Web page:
The Frontiers of Meaning

Charles Rosen, Author Hill & Wang $21 (145p) ISBN 978-0-8090-7254-5
In lectures given in Rome in 1993--which were cosponsored by the publisher and the New York Review of Books , and are collected here--Rosen ( The Classical Style ) tackles the difficult question of how we understand music. He contends that because music has no fixed meaning, the only conclusion we can reach is that music makes sense when we are comfortable with it. He demonstrates this with passages from works by Beethoven and Chopin in which long-standing errors in scores have become so familiar that the correct readings now sound wrong. He further argues that because each new style of music creates its own meaning, methods of musical analysis must constantly change, and by way of example he shows how Beethoven's music, which often perplexed his contemporaries, gave rise to a type of analysis not suited to the works of later composers. Rosen's cogent examination of motivic development in Beethoven and Schubert and his observations on the musical structure in several of Schubert's vocal works prove that lucid analysis can deepen our understanding of music. For the most part, however, his elusive arguments will be of primary interest to the cognoscente. (July)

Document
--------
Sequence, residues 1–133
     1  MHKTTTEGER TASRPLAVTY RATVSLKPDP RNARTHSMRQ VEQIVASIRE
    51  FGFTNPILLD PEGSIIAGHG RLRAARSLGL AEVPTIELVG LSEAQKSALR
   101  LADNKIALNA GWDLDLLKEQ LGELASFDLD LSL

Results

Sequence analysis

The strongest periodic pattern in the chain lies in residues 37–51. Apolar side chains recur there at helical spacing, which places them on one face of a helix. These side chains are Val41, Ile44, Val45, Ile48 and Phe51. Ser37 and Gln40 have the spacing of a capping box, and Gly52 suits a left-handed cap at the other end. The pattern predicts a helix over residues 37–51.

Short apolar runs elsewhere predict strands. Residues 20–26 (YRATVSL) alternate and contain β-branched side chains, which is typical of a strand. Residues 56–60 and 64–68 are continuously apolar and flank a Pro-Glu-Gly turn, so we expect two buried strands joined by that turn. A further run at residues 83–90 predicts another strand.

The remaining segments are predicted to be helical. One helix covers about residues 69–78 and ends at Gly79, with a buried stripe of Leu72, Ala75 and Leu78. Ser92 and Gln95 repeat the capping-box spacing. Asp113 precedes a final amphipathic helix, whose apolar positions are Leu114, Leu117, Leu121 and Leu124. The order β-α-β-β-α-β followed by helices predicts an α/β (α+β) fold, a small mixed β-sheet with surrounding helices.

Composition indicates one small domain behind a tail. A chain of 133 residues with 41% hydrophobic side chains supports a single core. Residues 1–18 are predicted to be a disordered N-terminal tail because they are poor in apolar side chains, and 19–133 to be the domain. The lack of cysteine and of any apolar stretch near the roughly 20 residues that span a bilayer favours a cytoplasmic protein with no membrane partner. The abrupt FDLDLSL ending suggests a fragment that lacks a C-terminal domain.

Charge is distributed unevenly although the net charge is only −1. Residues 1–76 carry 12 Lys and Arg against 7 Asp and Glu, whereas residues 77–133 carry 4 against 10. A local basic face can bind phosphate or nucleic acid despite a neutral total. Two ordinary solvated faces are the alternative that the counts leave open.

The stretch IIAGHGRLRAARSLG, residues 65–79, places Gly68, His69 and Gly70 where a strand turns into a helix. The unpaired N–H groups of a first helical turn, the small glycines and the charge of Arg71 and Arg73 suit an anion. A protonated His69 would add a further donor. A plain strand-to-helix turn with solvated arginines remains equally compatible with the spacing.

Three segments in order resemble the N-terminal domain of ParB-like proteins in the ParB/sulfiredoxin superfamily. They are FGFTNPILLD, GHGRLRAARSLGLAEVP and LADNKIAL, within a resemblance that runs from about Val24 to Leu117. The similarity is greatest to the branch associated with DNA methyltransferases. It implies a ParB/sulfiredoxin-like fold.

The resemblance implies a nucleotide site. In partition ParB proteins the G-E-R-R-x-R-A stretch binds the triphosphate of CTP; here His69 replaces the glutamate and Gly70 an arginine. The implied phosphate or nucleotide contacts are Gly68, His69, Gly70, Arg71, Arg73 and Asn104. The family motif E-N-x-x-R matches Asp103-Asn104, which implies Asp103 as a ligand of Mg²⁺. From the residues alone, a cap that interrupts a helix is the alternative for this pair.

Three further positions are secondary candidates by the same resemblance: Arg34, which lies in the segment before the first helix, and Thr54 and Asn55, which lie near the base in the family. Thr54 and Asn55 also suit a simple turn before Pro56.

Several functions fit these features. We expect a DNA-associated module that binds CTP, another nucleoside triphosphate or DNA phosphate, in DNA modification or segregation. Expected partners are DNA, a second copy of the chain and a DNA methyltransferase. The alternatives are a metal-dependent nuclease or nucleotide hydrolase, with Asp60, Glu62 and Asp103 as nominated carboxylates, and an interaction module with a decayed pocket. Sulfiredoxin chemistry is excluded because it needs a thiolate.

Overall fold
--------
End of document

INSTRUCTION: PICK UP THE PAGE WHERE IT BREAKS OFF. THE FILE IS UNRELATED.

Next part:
Reviewed on: 07/04/1994
Release date: 07/01/1994
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